Prolonged diet-induced obesity in mice modifies the inflammatory response and leads to worse outcome after stroke

Samaneh Maysami, Michael Haley, Natalia Gorenkova, Siddharth Krishnan, Barry Mccoll, Catherine Lawrence

Research output: Contribution to journalArticlepeer-review


Background: Obesity increases the risk for ischaemic stroke and is associated with worse outcome clinically and experimentally. Most experimental studies have used genetic models of obesity. Here a more clinically-relevant model, diet-induced obesity, was used to study the impact of obesity over time on the outcome and inflammatory response after stroke. Methods: Male C57BL/6 mice were maintained on either a high-fat (60%-fat) or control (12%-fat) diet for 2, 3, 4 and 6 months when experimental stroke was induced by transient occlusion of the middle cerebral artery (MCAo) for either 20 (6 months diet) or 30 minutes (2, 3, 4 and 6 months diet). Ischaemic damage, blood-brain barrier (BBB) integrity, neutrophil number and chemokine expression in the brain were assessed at 24 hours. Plasma chemokine levels (at 4 and 24 hours) and neutrophil number in the liver (at 24 hours) were measured. Physiological parameters (body weight and blood glucose) were measured in naïve control and high-fat fed mice at all time points and blood pressure at 3 and 6 months. Blood cell counts were also assessed in naïve 6-month control and high-fat fed mice. Results: Mice fed a high-fat diet for 6 months had greater body weight, blood glucose and white and red blood cell count but no change in systolic blood pressure. After 4 and 6 months of high-fat feeding, and in the latter group with a 30-minute (but not 20- minute) occlusion of the MCA, obese mice had greater ischaemic brain damage. Anincrease in blood-brain barrier permeability, chemokine expression (CXCL-1 and CCL3), neutrophil number and microglia/macrophage cells was observed in the brains of 6-month high-fat fed mice after 30 minutes MCAo. In response to stroke, chemokine (CXCL-1) expression in the plasma and liver was significantly different in obese mice (6-month high-fat fed), and a greater number of neutrophils were detected in the liver of control but not obese mice. Conclusions: The detrimental effects of diet-induced obesity on stroke were therefore dependent on the severity of obesity and length of ischaemic challenge. The altered inflammatory response in obese mice may play a key role in its negative impact on stroke.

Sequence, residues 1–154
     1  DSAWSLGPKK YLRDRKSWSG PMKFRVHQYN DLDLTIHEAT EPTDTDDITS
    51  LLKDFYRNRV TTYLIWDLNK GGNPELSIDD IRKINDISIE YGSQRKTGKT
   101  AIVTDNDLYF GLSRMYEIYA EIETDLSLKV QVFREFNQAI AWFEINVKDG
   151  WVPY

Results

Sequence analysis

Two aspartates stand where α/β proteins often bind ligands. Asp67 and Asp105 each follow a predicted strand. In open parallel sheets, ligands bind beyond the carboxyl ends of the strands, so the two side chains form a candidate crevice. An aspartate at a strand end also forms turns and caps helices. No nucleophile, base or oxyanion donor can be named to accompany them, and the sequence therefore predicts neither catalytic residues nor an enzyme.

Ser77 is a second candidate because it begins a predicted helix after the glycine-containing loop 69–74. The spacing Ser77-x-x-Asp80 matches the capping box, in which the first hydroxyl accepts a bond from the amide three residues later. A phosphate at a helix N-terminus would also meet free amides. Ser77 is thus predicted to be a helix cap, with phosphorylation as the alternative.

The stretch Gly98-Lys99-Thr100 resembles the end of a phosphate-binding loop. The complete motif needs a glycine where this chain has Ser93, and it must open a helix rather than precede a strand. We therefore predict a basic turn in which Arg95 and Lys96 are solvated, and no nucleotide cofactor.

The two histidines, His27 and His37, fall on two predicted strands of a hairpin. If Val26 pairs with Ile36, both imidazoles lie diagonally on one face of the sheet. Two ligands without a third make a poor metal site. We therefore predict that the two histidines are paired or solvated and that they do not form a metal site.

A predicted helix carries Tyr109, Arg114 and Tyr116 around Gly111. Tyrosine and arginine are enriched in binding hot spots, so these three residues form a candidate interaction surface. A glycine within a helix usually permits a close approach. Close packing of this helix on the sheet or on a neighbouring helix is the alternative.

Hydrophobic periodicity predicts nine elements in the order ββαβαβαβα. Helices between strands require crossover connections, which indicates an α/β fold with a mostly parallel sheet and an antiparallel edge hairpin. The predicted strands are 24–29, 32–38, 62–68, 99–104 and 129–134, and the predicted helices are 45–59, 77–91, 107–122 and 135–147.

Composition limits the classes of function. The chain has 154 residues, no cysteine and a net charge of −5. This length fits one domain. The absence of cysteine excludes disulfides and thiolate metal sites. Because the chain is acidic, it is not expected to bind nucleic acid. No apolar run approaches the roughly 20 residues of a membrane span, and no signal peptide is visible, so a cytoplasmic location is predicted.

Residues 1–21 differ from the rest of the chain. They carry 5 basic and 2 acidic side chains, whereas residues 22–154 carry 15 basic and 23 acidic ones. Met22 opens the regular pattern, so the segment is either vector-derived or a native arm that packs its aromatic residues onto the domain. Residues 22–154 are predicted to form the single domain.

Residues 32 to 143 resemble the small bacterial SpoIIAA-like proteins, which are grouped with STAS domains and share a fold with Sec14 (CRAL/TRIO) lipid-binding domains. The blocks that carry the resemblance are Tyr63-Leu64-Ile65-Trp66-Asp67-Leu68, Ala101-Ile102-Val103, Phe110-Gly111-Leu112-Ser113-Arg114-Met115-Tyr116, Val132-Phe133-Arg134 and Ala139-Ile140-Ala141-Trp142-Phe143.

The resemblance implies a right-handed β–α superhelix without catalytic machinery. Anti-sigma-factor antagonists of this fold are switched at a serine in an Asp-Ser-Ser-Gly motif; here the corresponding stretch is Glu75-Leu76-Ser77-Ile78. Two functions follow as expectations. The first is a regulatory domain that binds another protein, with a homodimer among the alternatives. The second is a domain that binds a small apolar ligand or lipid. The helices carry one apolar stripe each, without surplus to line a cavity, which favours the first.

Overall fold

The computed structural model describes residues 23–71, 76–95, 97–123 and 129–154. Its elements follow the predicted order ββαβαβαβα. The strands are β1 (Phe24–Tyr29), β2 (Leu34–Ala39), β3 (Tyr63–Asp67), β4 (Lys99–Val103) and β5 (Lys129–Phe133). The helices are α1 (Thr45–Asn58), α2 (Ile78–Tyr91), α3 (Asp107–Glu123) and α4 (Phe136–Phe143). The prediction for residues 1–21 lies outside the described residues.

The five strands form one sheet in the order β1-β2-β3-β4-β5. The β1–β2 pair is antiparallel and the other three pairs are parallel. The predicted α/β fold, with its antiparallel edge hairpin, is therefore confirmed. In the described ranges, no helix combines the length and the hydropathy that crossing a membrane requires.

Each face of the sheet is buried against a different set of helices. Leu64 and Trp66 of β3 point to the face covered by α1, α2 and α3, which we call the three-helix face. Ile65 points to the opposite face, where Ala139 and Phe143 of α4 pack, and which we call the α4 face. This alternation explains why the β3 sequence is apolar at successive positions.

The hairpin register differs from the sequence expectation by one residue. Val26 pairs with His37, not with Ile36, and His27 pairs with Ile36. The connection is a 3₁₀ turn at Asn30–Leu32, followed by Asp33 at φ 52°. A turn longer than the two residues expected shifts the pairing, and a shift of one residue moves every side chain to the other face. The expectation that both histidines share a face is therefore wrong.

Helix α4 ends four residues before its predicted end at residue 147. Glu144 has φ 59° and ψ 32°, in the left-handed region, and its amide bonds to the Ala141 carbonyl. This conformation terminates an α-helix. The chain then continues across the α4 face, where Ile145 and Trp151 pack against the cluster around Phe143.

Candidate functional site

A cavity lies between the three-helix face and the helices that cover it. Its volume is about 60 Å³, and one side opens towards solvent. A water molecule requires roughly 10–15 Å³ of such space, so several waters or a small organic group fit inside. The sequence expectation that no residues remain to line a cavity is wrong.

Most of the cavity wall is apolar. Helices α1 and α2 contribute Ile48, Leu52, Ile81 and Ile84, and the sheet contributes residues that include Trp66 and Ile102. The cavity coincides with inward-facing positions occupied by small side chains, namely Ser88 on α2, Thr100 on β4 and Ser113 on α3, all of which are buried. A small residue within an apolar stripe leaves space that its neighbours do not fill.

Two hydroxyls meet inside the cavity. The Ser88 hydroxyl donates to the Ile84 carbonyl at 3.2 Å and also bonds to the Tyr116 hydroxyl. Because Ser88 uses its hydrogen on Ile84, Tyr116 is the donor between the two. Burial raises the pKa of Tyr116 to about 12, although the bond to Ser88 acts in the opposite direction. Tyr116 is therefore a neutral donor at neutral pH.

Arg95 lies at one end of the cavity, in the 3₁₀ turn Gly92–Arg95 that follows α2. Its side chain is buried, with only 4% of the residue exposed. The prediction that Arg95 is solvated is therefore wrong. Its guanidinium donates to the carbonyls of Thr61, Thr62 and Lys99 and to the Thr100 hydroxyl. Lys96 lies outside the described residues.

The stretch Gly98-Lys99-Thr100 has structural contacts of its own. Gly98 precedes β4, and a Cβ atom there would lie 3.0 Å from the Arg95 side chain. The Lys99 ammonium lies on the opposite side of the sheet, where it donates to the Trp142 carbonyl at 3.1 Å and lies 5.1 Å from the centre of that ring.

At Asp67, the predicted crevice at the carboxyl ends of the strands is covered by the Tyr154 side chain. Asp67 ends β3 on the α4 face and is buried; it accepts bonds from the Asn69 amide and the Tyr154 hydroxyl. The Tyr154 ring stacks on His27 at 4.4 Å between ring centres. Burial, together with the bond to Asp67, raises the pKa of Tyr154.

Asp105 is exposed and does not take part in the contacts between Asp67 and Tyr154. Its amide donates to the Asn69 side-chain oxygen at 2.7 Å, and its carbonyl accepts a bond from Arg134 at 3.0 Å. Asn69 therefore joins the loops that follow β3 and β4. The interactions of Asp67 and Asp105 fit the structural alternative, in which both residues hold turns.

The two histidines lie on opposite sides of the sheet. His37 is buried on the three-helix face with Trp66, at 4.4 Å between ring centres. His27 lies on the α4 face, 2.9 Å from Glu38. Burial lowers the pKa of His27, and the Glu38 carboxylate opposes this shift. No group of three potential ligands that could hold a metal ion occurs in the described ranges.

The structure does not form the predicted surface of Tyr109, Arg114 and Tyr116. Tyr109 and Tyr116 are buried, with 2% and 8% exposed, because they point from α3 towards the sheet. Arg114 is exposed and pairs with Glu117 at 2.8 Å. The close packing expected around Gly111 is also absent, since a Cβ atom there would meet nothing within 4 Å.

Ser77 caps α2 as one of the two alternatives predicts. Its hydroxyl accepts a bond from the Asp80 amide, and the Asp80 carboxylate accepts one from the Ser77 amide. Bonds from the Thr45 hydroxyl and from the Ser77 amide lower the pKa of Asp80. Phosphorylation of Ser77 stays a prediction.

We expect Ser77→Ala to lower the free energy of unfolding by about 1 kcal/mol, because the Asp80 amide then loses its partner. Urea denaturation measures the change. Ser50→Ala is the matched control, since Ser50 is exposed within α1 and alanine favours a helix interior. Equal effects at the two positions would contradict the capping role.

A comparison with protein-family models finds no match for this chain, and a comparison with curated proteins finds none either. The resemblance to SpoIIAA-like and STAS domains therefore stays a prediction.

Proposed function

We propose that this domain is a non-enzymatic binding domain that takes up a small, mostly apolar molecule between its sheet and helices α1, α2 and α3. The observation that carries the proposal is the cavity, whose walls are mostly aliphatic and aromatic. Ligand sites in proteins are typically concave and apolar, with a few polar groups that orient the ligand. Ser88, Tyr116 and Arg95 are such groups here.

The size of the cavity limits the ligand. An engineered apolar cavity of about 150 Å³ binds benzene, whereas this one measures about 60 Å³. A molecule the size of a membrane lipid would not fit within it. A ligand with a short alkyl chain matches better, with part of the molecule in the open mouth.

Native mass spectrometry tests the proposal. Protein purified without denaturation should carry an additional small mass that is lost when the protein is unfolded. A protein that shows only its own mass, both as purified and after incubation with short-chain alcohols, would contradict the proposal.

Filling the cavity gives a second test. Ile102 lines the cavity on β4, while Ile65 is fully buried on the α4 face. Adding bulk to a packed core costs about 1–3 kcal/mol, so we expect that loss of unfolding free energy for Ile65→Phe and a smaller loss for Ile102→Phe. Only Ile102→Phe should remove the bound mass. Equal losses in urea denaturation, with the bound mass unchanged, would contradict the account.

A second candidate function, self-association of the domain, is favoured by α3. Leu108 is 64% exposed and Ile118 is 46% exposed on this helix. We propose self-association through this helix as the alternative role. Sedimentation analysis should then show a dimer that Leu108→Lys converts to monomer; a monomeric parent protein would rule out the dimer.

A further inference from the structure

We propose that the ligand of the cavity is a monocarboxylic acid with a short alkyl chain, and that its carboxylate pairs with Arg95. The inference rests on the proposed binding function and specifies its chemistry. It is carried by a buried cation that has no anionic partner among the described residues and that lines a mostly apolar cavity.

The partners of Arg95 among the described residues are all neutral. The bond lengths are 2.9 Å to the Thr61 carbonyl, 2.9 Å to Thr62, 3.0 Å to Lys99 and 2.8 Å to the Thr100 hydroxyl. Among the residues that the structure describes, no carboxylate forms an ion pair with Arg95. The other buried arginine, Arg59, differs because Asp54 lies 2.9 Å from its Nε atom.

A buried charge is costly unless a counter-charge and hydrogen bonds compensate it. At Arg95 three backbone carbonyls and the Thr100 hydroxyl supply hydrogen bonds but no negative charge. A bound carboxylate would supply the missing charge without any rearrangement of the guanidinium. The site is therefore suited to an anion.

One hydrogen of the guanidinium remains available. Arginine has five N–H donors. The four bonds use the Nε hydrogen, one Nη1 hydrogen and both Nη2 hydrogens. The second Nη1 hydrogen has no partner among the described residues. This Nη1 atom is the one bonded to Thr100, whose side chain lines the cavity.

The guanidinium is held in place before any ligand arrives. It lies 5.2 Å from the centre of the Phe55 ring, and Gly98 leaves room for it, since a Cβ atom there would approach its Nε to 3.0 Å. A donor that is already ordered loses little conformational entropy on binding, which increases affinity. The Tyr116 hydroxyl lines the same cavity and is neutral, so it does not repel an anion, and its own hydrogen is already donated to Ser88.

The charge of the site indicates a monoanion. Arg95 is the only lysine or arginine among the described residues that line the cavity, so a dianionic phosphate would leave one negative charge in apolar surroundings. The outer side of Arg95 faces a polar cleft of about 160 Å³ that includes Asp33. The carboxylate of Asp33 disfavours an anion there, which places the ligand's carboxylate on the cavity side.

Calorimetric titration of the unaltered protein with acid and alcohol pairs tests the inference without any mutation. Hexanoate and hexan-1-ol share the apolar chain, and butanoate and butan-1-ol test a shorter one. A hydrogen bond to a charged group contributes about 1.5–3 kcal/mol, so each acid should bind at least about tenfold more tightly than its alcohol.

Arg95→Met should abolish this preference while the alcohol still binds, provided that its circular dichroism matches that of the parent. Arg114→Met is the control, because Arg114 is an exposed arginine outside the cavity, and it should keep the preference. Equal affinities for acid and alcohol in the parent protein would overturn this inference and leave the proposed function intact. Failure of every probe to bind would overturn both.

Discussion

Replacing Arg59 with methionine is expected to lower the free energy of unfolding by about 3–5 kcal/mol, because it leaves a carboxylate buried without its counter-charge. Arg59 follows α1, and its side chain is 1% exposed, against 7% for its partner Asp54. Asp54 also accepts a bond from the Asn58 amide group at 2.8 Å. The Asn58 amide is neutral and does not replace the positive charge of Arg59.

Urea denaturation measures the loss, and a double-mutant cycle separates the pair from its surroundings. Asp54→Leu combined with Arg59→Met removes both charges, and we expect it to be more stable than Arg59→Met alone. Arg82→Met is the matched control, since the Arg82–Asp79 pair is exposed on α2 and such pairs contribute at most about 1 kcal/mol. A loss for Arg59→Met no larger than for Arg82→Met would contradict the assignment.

Original languageEnglish
Pages (from-to)1-12
Number of pages11
JournalJournal of Neuroinflammation
Issue number140
Publication statusPublished - 4 Aug 2015


  • Stroke, Obesity, High Fat Diet, models of ischemic stroke

Research Beacons, Institutes and Platforms

  • Lydia Becker Institute


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